The IBM z890 Mainframe computer weighs 1,500 pounds and stands over five feet tall. When it was first unveiled in 2004, it cost over $300,000. At that time, the z890 was a cutting-edge solution that helped midsized enterprises run their businesses. A 2004 ComputerWorld article described it as small, but by today's standards it’s a big honking computer, and it’s for anything but personal use.
That didn’t stop 19-year-old Connor Krukosky from buying one last year. He always had an interest in the behemoth machines, and this slowly but surely turned into a passion that led to installing a computer the size of a small person in his parents’ basement.
In an age when enterprising young people are landing jobs via Snapchat or Twitter, Krukosky's antiquated computer would be responsible for earning him a gig at IBM before he was even enrolled in college.
Let's back up a bit to understand the full story. Krukosky's parents have always encouraged their son's interest. They gave him his first computer—an IBM Aptiva—when he was 18 months old. Of course, it's unclear how he actually found use of a computer then, but I guess his point was that his family introduced him to computers at an early age.
Besides just using them, Krukosky also enjoys taking computers apart. For years he did just this: Tinker with old machines and peek into their insides to try and figure out what precisely they did. Eventually, deconstructing these computers wasn’t enough. Krukosky began to fix them too, learning about old operating systems like DOS along the way.
In his early teen years, he said he became "more curious about [those] little chips inside." This morphed into a fascination with how computer wiring evolved over time as he learned about the ways they were originally built. Doing this, he came across an online community of people who collect antiquated machines.
After collecting more than a few older machines, he began to research mainframes. "I thought it was interesting," he told me. "I knew about mainframes and the history of IBMs." He never really considered the prospect of actually buying one, until one day (when he was 18) he came across a listing for one. Usually, he explained, these listings are in California. But this one happened to be for sale two hours from his home in Maryland.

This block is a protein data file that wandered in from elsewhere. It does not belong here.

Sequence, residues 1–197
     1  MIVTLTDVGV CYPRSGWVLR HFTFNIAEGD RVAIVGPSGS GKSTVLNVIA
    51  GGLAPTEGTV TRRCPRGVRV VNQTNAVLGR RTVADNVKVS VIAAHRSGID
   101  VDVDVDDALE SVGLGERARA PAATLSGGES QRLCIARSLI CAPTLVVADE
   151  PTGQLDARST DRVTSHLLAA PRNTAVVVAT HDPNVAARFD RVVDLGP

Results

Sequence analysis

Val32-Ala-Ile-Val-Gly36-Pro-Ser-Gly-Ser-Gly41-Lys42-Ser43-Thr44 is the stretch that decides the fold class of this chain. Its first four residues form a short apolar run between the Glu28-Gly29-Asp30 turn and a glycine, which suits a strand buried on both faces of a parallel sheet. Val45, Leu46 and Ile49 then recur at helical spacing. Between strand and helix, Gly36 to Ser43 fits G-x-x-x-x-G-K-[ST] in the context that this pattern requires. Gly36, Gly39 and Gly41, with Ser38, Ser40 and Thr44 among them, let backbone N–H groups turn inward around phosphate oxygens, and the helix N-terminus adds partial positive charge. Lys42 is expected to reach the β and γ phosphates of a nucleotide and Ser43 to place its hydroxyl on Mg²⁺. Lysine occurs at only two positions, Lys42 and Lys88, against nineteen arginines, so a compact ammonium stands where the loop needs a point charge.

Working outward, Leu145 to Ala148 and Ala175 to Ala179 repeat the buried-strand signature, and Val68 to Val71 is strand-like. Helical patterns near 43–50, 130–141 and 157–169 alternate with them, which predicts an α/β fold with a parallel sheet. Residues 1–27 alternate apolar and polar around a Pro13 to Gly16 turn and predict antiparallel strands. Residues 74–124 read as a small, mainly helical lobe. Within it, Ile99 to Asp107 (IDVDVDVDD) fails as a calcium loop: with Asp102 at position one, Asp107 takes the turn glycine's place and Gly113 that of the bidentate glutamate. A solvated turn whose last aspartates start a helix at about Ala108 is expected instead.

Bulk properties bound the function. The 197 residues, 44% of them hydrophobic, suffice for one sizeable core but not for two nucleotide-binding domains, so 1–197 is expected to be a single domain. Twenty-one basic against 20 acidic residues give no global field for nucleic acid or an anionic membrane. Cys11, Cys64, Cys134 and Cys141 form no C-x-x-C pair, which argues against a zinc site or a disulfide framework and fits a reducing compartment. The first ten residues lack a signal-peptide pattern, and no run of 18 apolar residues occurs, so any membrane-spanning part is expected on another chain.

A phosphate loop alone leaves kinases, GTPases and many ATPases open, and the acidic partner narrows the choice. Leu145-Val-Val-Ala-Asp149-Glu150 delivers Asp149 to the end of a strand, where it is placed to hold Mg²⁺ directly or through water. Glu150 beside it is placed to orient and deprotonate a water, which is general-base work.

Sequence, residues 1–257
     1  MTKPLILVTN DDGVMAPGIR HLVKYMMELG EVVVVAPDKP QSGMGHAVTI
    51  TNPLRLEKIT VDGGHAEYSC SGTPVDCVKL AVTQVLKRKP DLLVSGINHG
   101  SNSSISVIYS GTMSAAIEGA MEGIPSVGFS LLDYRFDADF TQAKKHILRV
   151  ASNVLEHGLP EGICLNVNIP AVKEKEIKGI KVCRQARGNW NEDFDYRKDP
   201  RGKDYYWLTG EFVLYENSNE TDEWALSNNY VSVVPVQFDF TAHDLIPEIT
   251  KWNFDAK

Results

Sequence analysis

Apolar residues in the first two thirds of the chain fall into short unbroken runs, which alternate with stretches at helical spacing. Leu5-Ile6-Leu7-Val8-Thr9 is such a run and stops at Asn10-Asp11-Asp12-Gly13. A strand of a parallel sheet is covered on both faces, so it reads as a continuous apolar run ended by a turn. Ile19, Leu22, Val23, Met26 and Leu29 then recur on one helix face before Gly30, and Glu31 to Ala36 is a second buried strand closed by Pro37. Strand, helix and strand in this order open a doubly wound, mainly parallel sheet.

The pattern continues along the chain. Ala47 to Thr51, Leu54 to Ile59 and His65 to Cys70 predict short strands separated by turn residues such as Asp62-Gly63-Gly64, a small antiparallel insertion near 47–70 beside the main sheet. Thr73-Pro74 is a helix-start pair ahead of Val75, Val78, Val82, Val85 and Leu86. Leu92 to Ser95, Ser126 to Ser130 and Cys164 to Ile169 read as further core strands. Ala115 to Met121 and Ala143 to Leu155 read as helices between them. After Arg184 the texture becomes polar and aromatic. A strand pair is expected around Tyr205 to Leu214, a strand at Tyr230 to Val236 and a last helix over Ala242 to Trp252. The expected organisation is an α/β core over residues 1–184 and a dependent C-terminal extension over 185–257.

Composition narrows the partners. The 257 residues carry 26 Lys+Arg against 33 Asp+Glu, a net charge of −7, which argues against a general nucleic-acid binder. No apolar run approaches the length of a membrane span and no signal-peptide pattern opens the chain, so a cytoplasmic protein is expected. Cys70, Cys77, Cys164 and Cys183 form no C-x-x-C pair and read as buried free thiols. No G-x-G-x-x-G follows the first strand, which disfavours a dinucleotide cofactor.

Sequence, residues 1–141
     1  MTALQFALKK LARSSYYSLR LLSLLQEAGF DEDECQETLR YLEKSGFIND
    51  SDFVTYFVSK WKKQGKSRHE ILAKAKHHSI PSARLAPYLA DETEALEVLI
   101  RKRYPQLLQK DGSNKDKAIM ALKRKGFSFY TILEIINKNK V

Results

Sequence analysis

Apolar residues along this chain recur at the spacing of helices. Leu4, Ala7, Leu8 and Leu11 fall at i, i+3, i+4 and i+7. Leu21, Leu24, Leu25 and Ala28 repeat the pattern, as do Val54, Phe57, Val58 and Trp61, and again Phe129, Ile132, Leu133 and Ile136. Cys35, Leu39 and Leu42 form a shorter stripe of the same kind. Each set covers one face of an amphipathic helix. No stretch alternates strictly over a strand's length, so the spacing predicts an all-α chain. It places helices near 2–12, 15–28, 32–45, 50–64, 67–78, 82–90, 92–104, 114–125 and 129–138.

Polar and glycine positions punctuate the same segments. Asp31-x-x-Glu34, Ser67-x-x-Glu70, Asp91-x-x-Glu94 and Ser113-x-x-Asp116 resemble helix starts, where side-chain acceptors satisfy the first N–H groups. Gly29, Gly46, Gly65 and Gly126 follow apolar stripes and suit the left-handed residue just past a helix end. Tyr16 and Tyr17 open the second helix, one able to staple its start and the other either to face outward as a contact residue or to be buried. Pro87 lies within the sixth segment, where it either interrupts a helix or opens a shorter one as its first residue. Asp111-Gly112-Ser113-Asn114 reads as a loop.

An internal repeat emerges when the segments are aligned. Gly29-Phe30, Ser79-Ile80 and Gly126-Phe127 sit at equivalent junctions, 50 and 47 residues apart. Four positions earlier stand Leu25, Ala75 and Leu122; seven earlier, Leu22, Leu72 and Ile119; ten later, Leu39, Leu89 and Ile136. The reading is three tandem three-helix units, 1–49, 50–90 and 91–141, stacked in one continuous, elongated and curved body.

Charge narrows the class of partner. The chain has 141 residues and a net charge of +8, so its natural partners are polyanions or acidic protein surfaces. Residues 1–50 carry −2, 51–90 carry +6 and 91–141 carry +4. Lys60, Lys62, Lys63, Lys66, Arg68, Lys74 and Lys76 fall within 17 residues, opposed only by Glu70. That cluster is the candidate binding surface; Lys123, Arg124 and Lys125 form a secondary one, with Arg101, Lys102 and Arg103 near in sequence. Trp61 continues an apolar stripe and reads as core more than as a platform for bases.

Krukosky and his father drove to Rutgers University in New Jersey, where the mainframe was being auctioned off. They paid $237 for the beast.
Because it was more than a decade old, no longer owned by IBM, and therefore, no longer under warranty, Krukosky and his father were able to deconstruct the machine to transport it. Rutgers employees watched them slowly put it piece by piece in a car.
If it had been protected by a warranty, transporting the mainframe would have been a difficult task, since IBM does not allow for these machines to be taken apart. Instead, working mainframes must be transported in one piece via large and expensive vehicles.
The two were able to haul the nearly-one-ton machine and put it in the family basement. Krukosky reassembled the machine there and slowly tried to figure out what to do with it. The first problem was actually getting the machine to turn on. "I didn’t know how to effectively boot the machine," he told me. "It’s a long and tedious process . . . it’s not just flipping a switch." He consulted with his friends online and, after a series of trial and error, finally figured out the proper way to get the mainframe to light up.
Once it was working, he tinkered with the platform. The machine was running Linux and Krukosky used it, as he said, "to move data." That is, a mainframe's purpose is to run an entire internal network so that people—usually in businesses—can share information with each other. It's a necessary function that a lot of computer users take for granted.